The Fisker Karma is a new plug-in hybrid luxury sedan launched as a 2013 model. The Karma is the first, and perhaps the last, car from the company started by Henrik Fisker who made his name in automotive design. One look at the Karma, inside or out, shows how stylish a car can be when the designer is in charge, not an accountant. In retrospect, perhaps an accountant should have been in charge.
Things have not gone well for Fisker. After accepting a loan of $192 million ordered by the Obama administration to support clean air technologies, Fisker now appears headed for bankruptcy. Henrik Fisker has left the company, the company has laid off 75 percent of its workforce, and the U.S. Energy Department has seized the company's emergency funds. All of this follows a series of recalls and service actions to fix teething problems on the Karma. We asked the company whether shoppers should be concerned about buying a Karma and where they might get one serviced. Fisker did not respond except to provide an April 5 statement saying it was considering strategic alternatives. We recommend taking a good look at your dealer before proceeding with a Karma purchase. A lot of dealers, particularly in the premium segments, are more interested in repeat customers than any one sale, and a solid multi-franchise dealer will likely support his or her customers with service and trade-in no matter what happens to the manufacturer.
Fisker calls the Karma an extended-range electric vehicle; you can also call it a plug-in hybrid. It has a large battery pack and two electric motors that drive the car, and carries a gasoline-engine generator to supply the battery pack as it is depleted. It always starts out on battery only and the driver can use the gasoline generator, either to save battery power for later use in certain conditions or restricted zones, or to maximize performance.
Karma is propelled by a pair of longitudinally mounted electric motors in back, supplied by a lithium-ion battery. The battery is recharged by plugging in to a 120- or 240-volt AC power supply, and by a 175-kW generator driven by a 2-liter turbocharged four-cylinder engine in front. It is rear-wheel drive, with a single-speed (plus reverse) transmission.
Plugging it in is a simple process and many public charging stations require nothing more than waving a card in front to power you up. How much energy you use, in what forms, and how efficiency is perfected will depend on your driving style, geography, power supplier and so on. During our weeklong test drive in Southern California, a charge usually lasted 47 miles, and that charge used about $3 in electricity. Rather than a high-mileage green car, the Karma is a greener car for drivers who demand more in terms of performance, luxury or driving enjoyment.
Karma is quite nice to drive with excellent steering and brakes, effortless deceptive propulsion, a fine blend of smooth ride and good handling, and a view over the hood that rivals Corvette and 911. Disclaimers such as "for an electric car" or "for a 5300-pound four-door" are not necessary here.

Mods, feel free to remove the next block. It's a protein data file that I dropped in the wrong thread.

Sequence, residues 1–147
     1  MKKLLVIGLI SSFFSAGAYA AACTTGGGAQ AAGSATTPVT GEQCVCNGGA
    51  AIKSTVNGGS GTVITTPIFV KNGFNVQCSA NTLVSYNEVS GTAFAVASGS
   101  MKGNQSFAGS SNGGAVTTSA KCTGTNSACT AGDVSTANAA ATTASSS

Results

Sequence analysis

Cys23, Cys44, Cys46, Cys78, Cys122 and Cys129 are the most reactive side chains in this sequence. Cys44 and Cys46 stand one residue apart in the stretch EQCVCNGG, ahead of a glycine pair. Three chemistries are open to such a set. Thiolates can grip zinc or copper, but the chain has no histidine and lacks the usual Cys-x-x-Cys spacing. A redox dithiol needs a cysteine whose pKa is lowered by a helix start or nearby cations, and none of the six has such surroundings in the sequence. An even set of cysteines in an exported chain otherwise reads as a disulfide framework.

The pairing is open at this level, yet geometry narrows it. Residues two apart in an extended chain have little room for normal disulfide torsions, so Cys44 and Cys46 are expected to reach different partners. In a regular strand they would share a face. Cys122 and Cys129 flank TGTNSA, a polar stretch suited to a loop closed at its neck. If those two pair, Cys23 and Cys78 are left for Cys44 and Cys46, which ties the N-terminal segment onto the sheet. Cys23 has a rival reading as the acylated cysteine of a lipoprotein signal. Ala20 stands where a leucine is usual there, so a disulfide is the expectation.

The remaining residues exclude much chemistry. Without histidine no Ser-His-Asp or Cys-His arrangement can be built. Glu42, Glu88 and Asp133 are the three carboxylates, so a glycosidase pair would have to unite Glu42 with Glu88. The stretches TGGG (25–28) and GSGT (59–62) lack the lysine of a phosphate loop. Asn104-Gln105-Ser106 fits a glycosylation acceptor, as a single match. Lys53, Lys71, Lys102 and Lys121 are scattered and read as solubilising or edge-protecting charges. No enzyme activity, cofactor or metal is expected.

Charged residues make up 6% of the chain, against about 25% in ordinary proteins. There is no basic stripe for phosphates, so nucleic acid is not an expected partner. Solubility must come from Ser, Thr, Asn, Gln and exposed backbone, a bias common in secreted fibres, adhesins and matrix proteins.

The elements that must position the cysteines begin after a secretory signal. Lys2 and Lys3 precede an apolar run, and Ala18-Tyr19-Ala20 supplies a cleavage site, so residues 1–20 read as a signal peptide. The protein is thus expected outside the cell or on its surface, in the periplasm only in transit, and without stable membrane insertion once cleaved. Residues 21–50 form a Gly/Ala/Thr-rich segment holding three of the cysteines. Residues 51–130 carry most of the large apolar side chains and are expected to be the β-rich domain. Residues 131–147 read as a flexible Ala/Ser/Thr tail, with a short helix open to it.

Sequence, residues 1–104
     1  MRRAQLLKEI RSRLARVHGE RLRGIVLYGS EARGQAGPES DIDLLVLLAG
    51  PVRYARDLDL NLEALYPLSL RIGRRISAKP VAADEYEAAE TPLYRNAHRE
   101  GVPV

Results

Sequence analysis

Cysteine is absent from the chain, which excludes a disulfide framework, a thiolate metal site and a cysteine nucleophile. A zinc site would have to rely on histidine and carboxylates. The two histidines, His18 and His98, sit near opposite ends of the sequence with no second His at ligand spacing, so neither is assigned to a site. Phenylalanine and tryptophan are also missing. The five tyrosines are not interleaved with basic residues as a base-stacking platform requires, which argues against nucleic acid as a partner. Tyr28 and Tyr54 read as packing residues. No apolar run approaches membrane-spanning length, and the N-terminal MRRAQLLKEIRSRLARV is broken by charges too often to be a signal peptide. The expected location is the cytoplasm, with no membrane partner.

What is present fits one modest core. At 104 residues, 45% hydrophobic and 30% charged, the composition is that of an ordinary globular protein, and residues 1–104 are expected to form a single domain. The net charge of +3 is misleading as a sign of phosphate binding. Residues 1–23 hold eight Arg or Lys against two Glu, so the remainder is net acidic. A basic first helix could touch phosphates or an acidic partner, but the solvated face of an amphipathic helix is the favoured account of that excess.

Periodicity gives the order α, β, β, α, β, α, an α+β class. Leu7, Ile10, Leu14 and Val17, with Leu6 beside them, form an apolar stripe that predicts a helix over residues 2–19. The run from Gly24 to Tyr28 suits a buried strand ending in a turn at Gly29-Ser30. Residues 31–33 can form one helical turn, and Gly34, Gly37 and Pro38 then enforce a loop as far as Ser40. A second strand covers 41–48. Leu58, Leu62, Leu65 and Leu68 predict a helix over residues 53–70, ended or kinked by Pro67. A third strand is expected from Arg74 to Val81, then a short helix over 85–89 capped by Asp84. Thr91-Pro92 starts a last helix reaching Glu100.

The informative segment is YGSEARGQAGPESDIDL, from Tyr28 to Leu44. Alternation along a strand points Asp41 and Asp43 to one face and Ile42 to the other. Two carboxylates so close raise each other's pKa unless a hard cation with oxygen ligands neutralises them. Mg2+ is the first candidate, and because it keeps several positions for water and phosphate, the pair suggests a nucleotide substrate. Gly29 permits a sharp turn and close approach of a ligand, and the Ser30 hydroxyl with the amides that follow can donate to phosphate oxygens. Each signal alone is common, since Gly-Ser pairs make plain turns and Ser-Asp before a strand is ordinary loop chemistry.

The Karma cabin is cozy and bisected by a tall, full-length console. Front seat space is fine for six-plus footers but the rear seats are best for kids or clients of lesser stature. In many respects the cabin reminds us of a big luxury coupe, such as the Mercedes CL, but with the addition of rear doors. Materials are unusual in texture and appearance, avant-guard luxury we'll call it, and soft-touch is the name of the game. Trunk space is definitely sports-car size, not four-door sedan size, a common compromise in hybrid and electric cars.
Karma comes with a typical assortment of premium sedan gear, but more advanced features such as forward collision warning and mitigation and adaptive cruise control are not on the menu. The options list is short. Buyers essentially choose colors, cabin finishes and get on with the driving.
Although none have the style and exclusivity of the Karma and all have a more capacious cabin and trunk, green alternates include the BMW 7 Series hybrid, Lexus LS600h hybrid, Mercedes-Benz S400 hybrid, or the Audi A8 TDI diesel or Mercedes-Benz S350 diesel.
Fisker Karma is offered in two trim levels: EcoSport ($110,000) and EcoChic ($115,000). Only the cabin materials and finishes vary between the two; all the running gear, exterior cosmetics and features are the same.
The EcoSport cabin is leather and suede, said to be from a 100-percent sustaining facility. The upholstery is offered in two monochrome palettes and two three-color arrangements ($2,400).
EcoChic interiors use EcoSuede upholstery, an environmentally friendly 100-percent post-industrial textile. This comes in two different three-color schemes.
Every Karma comes with dual-zone climate control, 6-way power front seats with driver memory, power tilt/telescoping steering column, reclaimed wood and acrylic trim, 22-inch alloy wheels, heated seats front and rear, bi-Xenon headlamps, LED exterior lighting, pushbutton on/off, HZ sound generator, HomeLink, power windows/locks/mirrors, cruise control, and a 10.2-inch haptic multifunction touch-screen that controls most of the car's features beyond lights and wipers: mirror-fold, traction control, vehicle settings, voice-recognition navigation, Bluetooth, climate, and rear-view camera. A 295-watt, 6-channel, 8-speaker AM/FM/MP3/XM-ready audio system has auxiliary and USB inputs front and rear. The only option is special paint (two Premium, four Diamond Dust, $3200).